Supercooled Liquids: Implications for Establishing Detailed Connection between Thermodynamic and Kinetic Anomalies in

Abstract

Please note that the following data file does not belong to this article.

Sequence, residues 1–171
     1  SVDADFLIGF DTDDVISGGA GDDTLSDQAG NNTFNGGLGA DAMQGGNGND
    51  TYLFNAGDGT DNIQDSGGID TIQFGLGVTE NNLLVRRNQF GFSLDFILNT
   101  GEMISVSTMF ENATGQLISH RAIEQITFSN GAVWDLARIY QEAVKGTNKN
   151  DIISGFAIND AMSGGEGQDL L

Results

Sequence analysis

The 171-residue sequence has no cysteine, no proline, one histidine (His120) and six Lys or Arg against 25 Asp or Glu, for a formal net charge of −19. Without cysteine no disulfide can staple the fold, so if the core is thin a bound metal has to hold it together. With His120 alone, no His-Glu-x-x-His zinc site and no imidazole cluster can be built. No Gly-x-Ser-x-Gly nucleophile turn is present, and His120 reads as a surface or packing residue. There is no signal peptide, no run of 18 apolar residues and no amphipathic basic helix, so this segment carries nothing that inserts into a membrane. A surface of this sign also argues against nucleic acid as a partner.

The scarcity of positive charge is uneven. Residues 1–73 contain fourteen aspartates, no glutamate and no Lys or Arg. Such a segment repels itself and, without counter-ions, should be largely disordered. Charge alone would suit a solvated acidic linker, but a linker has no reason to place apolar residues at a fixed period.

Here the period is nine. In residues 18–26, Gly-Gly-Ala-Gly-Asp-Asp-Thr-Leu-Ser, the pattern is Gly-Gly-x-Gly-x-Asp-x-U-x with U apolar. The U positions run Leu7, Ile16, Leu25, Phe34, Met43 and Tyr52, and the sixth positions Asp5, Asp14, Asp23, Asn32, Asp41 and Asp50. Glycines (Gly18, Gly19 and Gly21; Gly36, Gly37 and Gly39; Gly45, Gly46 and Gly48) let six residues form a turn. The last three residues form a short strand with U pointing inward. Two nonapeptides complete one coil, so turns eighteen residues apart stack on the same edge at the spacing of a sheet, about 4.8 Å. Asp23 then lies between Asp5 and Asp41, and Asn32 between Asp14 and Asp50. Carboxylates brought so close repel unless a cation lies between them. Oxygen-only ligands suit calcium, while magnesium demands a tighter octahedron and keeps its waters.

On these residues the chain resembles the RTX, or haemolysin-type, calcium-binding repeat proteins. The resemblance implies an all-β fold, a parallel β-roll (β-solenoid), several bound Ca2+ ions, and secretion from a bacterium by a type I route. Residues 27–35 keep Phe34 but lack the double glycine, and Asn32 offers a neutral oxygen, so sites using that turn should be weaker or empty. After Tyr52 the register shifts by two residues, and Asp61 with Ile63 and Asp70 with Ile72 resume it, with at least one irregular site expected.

According to the Random First Order Transition (RFOT) theory of glasses, the barriers for activated dynamics in supercooled liquids vanish as the temperature of a viscous liquid approaches the dynamical transition temperature from below. This occurs due to a decrease of the surface tension between local meta-stable molecular arrangements much like at a spinodal. The dynamical transition thus represents a crossover from the low T activated bevavior to a collisional transport regime at high T. This barrier softening explains the deviation of the relaxation times, as a function of temperature, from the simple log τ ∝ 1/sc dependence at the high viscosity to a mode-mode coupling dominated result at lower viscosity. By calculating the barrier softening effects, the RFOT theory provides a unified microscopic way to interpret structural relaxation data for many distinct classes of structural glass formers over the measured temperature range. The theory also provides an unambiguous procedure to determine the size of dynamically cooperative regions in the presence of barrier renormalization effects using the experimental temperature dependence of the relaxation times and the configurational entropy data. We use the RFOT theory framework to discuss data for tri-naphthyl benzene, salol, propanol and silica as representative systems. A unified picture of the dynamics of supercooled liquids has emerged based on a theory of random first order transitions [1, 2, 3]. The mean field approaches to structural glasses exhibit two transi

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